We know you want to impress colleges with your accomplishments in the classroom, but your academics are not the full picture to who you really are. Especially now when there have been more challenges due to COVID. They want to see your creativity and expertise side.
Yes, colleges want bright students. But even more, they want bright, well–rounded students. That is where your extracurricular activities come in.
Grades and test scores are very important, but so are the extra activities you choose to do on your own time. Admissions officers are looking to create a class made up of students with diverse interests and backgrounds. They will look closely at your extracurriculars to get a sense of the person you are and what you care about.
How much you do is not as important as being committed to what you do
A college application with scattered interest and involvement over four years looks flakey. A student that runs track and sings in the choir throughout four years of high school shows passion and commitment. Find out early on what sparks your interest and stick with it.
If you have the opportunity and drive to be the captain the tennis team, president of the French club, or editor of the school lit mag, seize the opportunity. Colleges like responsible leaders who earn the respect of their peers.
Find out how hobbies can get you into college!
An after-school job or internship can be a good option as one of your extracurricular activities. Taking responsibility of a project in the family business, or simply participating in the office meetings and discussions, especially when you rise to a position of responsibility shows your maturity and passions to learn. It also demonstrates your character being reliable.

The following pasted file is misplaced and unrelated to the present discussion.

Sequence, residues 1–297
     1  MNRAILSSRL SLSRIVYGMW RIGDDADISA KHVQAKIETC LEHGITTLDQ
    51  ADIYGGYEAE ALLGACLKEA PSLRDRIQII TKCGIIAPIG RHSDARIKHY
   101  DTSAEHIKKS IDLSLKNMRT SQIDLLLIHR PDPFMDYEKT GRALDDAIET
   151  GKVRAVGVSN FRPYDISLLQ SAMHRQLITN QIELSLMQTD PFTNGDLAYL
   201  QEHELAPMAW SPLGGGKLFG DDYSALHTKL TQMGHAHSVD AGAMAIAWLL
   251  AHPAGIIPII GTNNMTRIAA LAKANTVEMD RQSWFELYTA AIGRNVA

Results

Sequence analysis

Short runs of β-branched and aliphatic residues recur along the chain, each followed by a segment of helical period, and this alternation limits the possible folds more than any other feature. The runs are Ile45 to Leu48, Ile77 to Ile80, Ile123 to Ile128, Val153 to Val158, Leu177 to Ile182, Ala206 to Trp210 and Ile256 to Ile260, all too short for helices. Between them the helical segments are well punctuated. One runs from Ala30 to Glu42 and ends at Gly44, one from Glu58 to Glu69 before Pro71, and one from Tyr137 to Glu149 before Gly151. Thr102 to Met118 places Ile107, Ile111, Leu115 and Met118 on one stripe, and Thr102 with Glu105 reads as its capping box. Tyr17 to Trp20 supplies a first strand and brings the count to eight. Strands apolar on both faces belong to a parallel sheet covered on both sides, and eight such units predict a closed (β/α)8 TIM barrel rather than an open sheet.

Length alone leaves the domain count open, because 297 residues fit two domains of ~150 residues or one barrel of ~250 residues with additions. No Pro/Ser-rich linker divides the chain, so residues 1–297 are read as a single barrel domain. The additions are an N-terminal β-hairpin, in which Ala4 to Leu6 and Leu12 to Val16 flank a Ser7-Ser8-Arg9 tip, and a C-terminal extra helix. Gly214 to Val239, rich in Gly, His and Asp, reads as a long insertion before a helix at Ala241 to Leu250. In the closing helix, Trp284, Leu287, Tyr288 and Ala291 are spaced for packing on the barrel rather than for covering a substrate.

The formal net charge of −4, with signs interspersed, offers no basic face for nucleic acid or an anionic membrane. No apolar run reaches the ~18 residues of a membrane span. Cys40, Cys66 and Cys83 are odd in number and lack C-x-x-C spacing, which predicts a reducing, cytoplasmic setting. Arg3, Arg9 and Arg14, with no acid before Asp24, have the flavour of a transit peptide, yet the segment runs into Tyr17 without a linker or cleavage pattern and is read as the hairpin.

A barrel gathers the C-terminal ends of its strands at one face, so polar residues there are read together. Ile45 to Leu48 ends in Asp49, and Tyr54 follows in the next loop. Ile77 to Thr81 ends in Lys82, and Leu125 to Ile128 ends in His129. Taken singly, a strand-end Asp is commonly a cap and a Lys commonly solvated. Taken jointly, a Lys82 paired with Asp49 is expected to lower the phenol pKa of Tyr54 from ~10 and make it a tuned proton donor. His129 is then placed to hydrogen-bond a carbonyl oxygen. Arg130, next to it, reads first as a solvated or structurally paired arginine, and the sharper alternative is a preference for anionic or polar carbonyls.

If you have a career goal or study interest that you can pursue outside the classroom, take advantage. Think you might be interested in medicine? Try volunteering at a local hospital. Are you destined to be a writer? Join your school’s newspaper or yearbook. These activities can help give you a strong foundation should you decide to pursue them further, academically, or professionally.
Golf? Soccer? Swimming? Gardening? All are valuable experiences! Being a captain in your soccer team shows leaderships. Growing your garden shows your patience and persistence. Swimming shows that you care for your personal wellbeing. All activities are as meaningful as your time spent in your bedroom practicing drill exercise for your SAT exam! Go out and have fun, show them that you are a student who is well rounded, and knows how to manage your time to be well spent.
Some colleges and scholarship committees may ask you to include a high school resume with your application materials. Ask help from your school counselors for their input. Ask them all things that stands out in your teachers’ perspectives! You may be surprised to learn things that you may not even realize!
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